KYIV, July 31 (Reuters) – Heavy Russian strikes hit the southern Ukrainian port city of Mykolaiv overnight and early on Sunday, killing the owner of one of the country’s largest grain producing and exporting companies, the local governor said.
Oleksiy Vadatursky, founder and owner of agriculture company Nibulon and his wife, were killed in their home, Mykolaiv Governor Vitaliy Kim said on Telegram.
Headquartered in Mykolaiv, a strategically important city that borders the Russia-occupied Kherson region, Nibulon specializes in the production and export of wheat, barley and corn, and it has its own fleet and shipyard.
President Volodymyr Zelenskiy described Vadatursky’s death as “a great loss for all of Ukraine”, saying in a statement the businessman had been in the process of building a modern grain market involving a network of transhipment terminals and elevators.
Three people were also wounded in the attacks on Mikolaiv, the city’s Mayor Oleksandr Senkevych told Ukrainian television, adding 12 missiles had hit homes and educational facilities. He earlier described the strikes as “probably the most powerful” on the city of the entire five-month-old war.
Up to 50 Grad rockets hit residential areas in another southern city, Nikopol, on Sunday morning, Dnipropetrovsk Governor Valentyn Reznichenko wrote on Telegram. One person was wounded.
Ukrainian forces struck the headquarters of Russia’s Black Sea Fleet in Russian-held Sevastopol early on Sunday, the Crimean port city governor, Mikhail Razvozhayev told Russian media. Five members of staff were wounded in the attack when what was presumed to be a drone flew into the courtyard at the headquarters, he said.
Reuters could not independently verify the battlefield reports.
The Sevastopol attack coincided with Russia’s Navy Day, which President Vladimir Putin marked by announcing that the Russian navy would receive what he called “formidable” hypersonic Zircon cruise missiles in coming months. Those missiles can travel at nine times the speed of sound.
He did not mention Ukraine directly.
Putin sent tens of thousands of troops over the border on Feb. 24, setting off a conflict that has killed thousands, uprooted millions and caused a deep strain in relations between Russia and the West.
The biggest conflict in Europe since World War Two has also stoked an energy and food crisis that is shaking the global economy. Both Ukraine and Russia are leading suppliers of grain.
HARVEST COULD BE HALVED
Zelenskiy said on Sunday the country may harvest only half its usual amount this year due to the invasion.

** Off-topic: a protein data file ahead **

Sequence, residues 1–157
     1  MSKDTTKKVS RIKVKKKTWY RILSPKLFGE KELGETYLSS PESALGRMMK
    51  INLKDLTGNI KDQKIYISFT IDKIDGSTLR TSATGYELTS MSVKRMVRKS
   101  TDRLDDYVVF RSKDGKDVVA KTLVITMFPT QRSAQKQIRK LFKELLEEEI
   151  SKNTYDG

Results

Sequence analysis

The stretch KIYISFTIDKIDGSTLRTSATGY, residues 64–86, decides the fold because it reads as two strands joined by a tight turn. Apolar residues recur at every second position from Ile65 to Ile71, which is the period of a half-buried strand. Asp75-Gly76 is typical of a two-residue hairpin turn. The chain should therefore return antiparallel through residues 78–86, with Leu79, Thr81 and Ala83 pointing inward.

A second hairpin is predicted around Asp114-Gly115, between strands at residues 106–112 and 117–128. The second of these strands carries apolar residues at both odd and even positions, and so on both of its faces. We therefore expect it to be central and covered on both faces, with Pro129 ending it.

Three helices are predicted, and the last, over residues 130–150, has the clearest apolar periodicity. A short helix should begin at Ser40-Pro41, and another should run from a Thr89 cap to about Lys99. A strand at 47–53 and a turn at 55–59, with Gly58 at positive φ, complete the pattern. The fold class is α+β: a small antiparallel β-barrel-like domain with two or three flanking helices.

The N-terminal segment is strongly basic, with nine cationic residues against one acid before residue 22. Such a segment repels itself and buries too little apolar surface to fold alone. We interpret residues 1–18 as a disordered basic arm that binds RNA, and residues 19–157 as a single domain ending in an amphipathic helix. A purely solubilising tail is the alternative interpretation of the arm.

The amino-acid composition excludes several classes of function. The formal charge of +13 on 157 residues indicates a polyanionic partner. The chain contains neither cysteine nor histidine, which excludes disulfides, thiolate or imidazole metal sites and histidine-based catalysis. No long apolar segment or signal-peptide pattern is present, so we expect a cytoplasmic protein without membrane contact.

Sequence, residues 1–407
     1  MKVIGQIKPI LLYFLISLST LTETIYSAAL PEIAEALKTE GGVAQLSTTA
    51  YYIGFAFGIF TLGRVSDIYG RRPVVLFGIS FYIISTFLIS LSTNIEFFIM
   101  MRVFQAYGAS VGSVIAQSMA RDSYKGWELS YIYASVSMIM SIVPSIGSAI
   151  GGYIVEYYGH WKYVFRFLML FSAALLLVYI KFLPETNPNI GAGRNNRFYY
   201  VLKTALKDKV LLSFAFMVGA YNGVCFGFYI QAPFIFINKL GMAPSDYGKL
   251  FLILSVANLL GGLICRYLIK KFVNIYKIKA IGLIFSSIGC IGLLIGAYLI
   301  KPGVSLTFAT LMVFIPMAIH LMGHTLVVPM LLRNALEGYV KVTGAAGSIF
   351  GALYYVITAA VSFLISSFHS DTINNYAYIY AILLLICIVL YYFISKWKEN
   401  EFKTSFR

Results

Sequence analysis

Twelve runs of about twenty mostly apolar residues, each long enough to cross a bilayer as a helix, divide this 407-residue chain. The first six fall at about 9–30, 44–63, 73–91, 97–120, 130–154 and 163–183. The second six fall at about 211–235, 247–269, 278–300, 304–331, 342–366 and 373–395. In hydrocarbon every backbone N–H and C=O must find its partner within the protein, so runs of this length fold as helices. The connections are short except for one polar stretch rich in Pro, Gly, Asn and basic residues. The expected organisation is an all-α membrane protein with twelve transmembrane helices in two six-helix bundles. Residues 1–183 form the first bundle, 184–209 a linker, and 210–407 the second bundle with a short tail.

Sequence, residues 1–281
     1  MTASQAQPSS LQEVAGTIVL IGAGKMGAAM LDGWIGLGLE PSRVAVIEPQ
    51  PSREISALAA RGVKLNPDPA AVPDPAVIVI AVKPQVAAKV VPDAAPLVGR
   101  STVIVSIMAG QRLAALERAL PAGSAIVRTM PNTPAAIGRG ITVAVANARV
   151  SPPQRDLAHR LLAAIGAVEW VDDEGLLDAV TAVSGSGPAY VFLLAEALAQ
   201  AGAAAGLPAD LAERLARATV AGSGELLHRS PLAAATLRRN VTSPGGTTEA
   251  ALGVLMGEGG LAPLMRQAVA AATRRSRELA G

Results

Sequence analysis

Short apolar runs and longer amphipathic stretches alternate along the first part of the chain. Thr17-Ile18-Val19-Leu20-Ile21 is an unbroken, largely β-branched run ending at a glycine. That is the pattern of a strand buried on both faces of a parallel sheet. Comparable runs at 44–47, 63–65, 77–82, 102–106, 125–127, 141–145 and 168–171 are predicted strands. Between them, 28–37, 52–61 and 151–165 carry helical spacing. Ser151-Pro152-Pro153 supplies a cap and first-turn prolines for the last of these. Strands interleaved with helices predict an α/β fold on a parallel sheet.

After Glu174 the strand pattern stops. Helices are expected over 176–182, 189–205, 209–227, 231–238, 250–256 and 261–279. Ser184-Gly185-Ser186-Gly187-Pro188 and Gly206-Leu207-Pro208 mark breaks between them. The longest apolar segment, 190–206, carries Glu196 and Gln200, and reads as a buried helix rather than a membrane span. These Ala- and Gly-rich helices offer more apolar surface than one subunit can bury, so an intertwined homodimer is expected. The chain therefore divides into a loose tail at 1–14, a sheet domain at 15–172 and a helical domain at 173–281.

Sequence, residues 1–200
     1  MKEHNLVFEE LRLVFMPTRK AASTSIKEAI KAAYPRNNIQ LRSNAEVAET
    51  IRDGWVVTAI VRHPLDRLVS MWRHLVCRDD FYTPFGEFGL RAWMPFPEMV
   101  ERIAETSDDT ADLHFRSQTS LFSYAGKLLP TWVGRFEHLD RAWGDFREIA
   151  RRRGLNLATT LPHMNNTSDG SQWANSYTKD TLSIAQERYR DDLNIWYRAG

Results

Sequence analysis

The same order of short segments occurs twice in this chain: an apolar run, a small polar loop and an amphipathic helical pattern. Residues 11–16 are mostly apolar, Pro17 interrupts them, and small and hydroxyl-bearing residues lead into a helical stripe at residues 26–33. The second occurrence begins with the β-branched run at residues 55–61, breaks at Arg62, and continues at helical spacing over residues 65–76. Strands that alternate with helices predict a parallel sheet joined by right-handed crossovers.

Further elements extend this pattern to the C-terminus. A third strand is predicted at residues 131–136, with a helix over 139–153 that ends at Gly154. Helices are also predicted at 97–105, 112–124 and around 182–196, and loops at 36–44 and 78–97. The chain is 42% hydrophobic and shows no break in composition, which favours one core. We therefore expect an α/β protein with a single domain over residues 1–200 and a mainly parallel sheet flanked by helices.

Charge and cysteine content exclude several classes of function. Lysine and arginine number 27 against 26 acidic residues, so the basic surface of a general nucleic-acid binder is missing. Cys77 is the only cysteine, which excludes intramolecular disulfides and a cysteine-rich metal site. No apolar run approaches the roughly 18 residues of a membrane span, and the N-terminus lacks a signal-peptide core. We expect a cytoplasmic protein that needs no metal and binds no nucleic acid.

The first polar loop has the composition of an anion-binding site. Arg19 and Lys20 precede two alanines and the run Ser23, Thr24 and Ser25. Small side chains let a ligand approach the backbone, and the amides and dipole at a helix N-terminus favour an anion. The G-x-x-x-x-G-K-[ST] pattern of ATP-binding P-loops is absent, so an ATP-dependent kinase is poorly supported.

“Ukrainian harvest this year is under the threat to be twice less,” suggesting half as much as usual, Zelenskiy wrote in English on Twitter. “Our main goal — to prevent global food crisis caused by Russian invasion. Still grains find a way to be delivered alternatively,” he added.
Ukraine has struggled to get its product to buyers via its Black Sea ports because of the war.
But an agreement signed under the stewardship of the United Nations and Turkey on July 22 provides for safe passage for ships carrying grain out of three southern Ukrainian ports.
There is a high possibility that the first grain-exporting ship will leave Ukraine’s ports on Monday, a spokesperson for Turkish President Tayyip Erdogan said on Sunday.
In a televised address late on Saturday, Zelenskiy said hundreds of thousands of people were still exposed to fierce fighting in the Donbas region, which contains Donetsk and Luhansk provinces and which Russia seeks to control completely. Swathes of the Donbas were held before the invasion by Russian-backed separatists.
“Many refuse to leave but it still needs to be done,” Zelenskiy said. “The more people leave the Donetsk region now, the fewer people the Russian army will have time to kill.”
Russia on Sunday invited U.N. and Red Cross experts to probe the deaths of dozens of Ukrainian prisoners held by Moscow-backed separatists.
Ukraine and Russia have traded accusations over a missile strike or explosion early on Friday that appeared to have killed dozens of Ukrainian prisoners of war in the front-line town of Olenivka in eastern Donetsk.
Russia invited experts from the U.N. and Red Cross to probe the deaths “in the interests of conducting an objective investigation”, the defence ministry said on Sunday.
The ministry had published a list of 50 Ukrainian prisoners of war killed and 73 wounded in what it said was a Ukrainian military strike with a U.S.-made High Mobility Artillery Rocket System (HIMARS).
Ukraine’s armed forces denied responsibility, saying Russian artillery had attacked the prison to hide mistreatment there.
Reuters journalists confirmed some of the deaths at the prison, but could not immediately verify the differing versions of events.
Russia denies its forces have deliberately attacked civilians or committed war crimes in the invasion, which it calls a “special operation”.
Ukraine’s military said on Saturday more than 100 Russian soldiers had been killed and seven tanks destroyed in the south on Friday, including the Kherson region that is the focus of Kyiv’s counteroffensive in that part of the country and a key link in Moscow’s supply lines.
Rail traffic to Kherson over the Dnipro River had been cut, the military said, potentially further isolating Russian forces west of the river from supplies in occupied Crimea and the east.
Officials from the Russian-appointed administration running the Kherson region last week rejected Western and Ukrainian assessments that Russian forces there were now vulnerable.